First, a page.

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Enjoying A Tomato Heirloom

Springtime is a wonderful season, and it ushers in those beautiful weekends when we see colorful vegetables, fruits, and products from farmers. One regular sight along the east coast is beautiful ripe tomatoes. From red, orange, and green, just name it there are different varieties of tomatoes in different shapes and sizes.

The farmers' markets offer a great chance to get fresh produce. If you can't find your way to the farmers market, you can still get your hands on quality tomatoes at your local store. Although the tomatoes you would come across in the organic corner of your grocery store is different from what you would get at the farmers market, they can sometimes be suitable substitutes. The thing is most local farmers find it difficult to sustain supply to store chains that demand a year-round supply. The business of heirloom tomato has helped in navigating the challenge of demand and supply.

The Tomato story

Even though tomatoes have close ties to Italian kitchens, its birthplace is not in Europe. Through trough research, the origin of tomatoes has been traced to Peru and Southern Ecuador. As we've come to know in recent years, a good number of fruits, foods, and vegetables have a South American Heritage. As for how the tomato found its way to Europe, many believe it was the Spanish explorers who brought it home in one of their expeditions. Over time, tomatoes have been cultivated into a tastier derivative.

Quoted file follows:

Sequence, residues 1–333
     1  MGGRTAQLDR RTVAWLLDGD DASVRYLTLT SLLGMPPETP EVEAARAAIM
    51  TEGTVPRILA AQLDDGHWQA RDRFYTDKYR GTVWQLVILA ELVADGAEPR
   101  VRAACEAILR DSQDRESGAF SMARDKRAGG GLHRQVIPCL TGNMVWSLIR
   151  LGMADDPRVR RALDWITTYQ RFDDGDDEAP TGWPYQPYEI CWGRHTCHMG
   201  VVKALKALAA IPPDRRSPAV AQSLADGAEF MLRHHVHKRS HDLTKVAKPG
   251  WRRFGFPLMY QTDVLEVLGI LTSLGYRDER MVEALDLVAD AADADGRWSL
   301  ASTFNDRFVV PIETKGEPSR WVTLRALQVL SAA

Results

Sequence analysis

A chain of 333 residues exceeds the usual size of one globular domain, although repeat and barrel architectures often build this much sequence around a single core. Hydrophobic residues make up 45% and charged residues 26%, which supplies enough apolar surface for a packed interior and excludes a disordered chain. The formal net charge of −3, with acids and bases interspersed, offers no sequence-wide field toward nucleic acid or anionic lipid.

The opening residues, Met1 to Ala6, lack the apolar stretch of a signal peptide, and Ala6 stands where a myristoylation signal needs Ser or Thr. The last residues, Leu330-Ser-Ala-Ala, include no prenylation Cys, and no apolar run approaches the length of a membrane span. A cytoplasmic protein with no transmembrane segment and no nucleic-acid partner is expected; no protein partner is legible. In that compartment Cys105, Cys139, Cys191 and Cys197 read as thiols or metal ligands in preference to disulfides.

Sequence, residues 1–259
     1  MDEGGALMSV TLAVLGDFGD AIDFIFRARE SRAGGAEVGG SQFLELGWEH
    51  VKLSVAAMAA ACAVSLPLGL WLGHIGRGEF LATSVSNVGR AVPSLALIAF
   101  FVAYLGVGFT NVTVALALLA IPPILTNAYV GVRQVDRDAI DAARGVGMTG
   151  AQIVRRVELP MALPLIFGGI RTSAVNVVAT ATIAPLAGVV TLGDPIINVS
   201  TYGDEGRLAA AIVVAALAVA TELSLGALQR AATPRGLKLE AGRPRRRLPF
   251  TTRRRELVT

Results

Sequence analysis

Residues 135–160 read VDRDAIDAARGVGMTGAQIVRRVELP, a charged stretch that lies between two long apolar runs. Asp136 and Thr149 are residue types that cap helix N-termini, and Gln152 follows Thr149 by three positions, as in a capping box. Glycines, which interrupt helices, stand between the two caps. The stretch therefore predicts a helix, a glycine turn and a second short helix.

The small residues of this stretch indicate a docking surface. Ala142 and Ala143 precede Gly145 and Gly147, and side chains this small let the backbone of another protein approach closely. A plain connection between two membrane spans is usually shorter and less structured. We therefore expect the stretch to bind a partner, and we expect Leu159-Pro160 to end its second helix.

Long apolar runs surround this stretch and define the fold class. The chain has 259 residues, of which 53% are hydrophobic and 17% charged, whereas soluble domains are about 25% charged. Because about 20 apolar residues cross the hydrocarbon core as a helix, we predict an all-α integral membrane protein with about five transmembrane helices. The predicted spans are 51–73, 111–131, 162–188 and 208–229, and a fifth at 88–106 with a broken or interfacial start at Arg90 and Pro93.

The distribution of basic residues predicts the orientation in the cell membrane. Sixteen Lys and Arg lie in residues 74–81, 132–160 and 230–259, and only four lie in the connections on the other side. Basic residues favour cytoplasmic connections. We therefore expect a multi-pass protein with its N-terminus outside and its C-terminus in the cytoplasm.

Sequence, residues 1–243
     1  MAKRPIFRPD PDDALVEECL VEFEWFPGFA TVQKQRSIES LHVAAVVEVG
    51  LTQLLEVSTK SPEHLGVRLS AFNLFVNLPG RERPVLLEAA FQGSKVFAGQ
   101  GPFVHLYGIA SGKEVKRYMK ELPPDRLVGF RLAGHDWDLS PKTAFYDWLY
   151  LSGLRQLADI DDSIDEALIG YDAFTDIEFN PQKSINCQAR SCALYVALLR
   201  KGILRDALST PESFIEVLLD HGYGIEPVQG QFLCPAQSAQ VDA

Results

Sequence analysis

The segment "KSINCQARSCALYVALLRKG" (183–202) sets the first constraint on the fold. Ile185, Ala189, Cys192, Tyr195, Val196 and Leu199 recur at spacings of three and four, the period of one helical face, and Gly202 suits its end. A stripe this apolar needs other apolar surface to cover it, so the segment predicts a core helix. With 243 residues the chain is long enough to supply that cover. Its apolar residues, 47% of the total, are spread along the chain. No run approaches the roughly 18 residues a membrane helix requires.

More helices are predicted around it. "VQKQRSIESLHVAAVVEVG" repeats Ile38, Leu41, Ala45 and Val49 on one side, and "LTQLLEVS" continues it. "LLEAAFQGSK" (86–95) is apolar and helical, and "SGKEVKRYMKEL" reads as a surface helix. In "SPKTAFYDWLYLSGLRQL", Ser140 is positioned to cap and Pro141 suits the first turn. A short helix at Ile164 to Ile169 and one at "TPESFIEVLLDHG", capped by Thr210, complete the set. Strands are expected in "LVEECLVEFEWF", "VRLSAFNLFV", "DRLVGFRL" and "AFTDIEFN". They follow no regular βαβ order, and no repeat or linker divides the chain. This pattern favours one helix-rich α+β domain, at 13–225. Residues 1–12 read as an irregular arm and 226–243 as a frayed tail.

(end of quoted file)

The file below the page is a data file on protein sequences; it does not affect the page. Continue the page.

The Tomato Market

Whether it is due to the demands or preferences of shoppers, most grocery stores focus on a select few breeds of tomatoes. Over time, producers in a bid to boost yield, achieve uniform shapes and sizes, have resulted in crossing pollination. Tomatoes are picked before they ripen and are artificially ripened using ethylene gas. Although the product of this process is a better-looking tomato, the taste is not as you would have gotten if the tomato was allowed to ripen naturally.

The Heirloom Tomato

The tomato heirloom or heirloom tomato is a variety of tomato that has gone through the process of open pollination for more than 50 years. Another way to define heirloom tomato is any non-hybrid tomato. The major challenge with hybrid products is that although they have appealing characteristics, their seeds cannot produce. This is why the open pollination process for heirlooms is vital. Kudos to seed savers and gardeners who have worked relentlessly all over history to help preserve and propel heirloom tomatoes to its current status.

In the last few years, consumers have started seeing the benefits of tomato's heirloom roots. Even the best restaurants and top quality chefs are becoming more heirloom tomato friendly.